Most Americans ‘supportive’ of getting COVID-19 vaccine, but also worried about side effects
PROVO, Utah — While more than 2⁄3 of Americans are supportive of getting a COVID-19 vaccine once it becomes available, many are also concerned about potential side effects and whether the vaccine will have undergone adequate testing, according to a new Brigham Young University study.
“A vaccine for the COVID-19 is probably the best way for us to get out of our current situation, it’ll help us get back to normal and kind of throw off the effects of this disease that’s had so much of an impact on everybody,” said Brian Poole, senior study author and professor of microbiology and molecular biology at BYU.
The researchers wanted to delve into what might make Americans willing or hesitant to eventually get vaccinated in the fight against the disease, Poole said.
Provo-based Qualtrics administered the survey to 316 participants across the U.S., who were selected by age, race and sex to reflect national census data. The BYU scientists analyzed their answers and found that 68% said they were supportive of being vaccinated for COVID‐19 — but that may not be enough to develop the level of immunity needed to put an end to the pandemic, according to researchers.
Another 15.57% of survey participants said they did not support receiving a coronavirus vaccination, and 15.89% said they neither agreed or disagreed with getting vaccinated, the study found.
Though the majority said they support a vaccine, 63.47% also said they were concerned about side effects it might cause, with nearly 20% saying they worried the side effects might be worse than actually getting COVID-19.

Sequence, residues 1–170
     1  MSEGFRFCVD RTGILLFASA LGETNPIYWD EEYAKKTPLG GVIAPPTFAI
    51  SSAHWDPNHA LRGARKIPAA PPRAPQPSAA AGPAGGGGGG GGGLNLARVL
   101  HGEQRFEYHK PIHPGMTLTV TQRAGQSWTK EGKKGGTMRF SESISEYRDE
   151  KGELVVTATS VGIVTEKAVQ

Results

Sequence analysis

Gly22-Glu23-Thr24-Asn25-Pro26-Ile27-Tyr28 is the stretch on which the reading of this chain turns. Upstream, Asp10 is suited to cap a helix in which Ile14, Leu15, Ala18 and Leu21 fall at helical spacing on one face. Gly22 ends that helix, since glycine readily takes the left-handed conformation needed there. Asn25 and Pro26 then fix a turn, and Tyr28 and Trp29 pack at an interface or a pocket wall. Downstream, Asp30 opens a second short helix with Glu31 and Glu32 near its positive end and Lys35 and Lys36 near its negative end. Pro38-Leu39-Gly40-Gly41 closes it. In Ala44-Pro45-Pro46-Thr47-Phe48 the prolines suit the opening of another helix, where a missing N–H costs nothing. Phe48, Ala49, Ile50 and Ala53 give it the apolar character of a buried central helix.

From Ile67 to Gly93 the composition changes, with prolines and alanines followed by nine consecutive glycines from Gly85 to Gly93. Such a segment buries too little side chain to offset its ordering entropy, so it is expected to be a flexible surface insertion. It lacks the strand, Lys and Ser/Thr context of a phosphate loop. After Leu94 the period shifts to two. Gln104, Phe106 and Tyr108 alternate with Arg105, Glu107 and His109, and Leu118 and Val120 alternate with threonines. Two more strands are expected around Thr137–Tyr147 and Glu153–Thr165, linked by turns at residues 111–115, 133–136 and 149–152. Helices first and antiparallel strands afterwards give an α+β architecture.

More people were also willing to get a vaccine — or give one to their children — if a vaccine becomes available in six months as opposed to as early as one month from the time of the survey.
Because of those results, campaigns encouraging vaccination for COVID-19 should transparently address safety, testing measures and efficacy, according to the study.
The BYU researchers had hypothesized that those who knew someone who became seriously ill due to COVID-19 — or were affected themselves — would be more likely to show support for a vaccine.
But that didn’t prove true. One of the biggest driving factors for participants’ support was how big of a deal they feel the pandemic is, Poole said.
“If you thought that it was a big problem, then you were more likely to be willing to take the vaccine,” he said.
The participants’ existing views of vaccines in general also played a part in their acceptance of a potential COVID-19 vaccine. Politics, however, proved not to influence one’s views of a vaccine.
“It still seems like everybody’s pretty much on the same page,” Poole said, regardless of whether they described themselves as conservative or liberal.
One of study’s biggest takeaways is that people are willing to be vaccinated “if it’ll help get our country back on track,” Poole said. “People really do care about other people and they want to help, and that’s a good message to use.”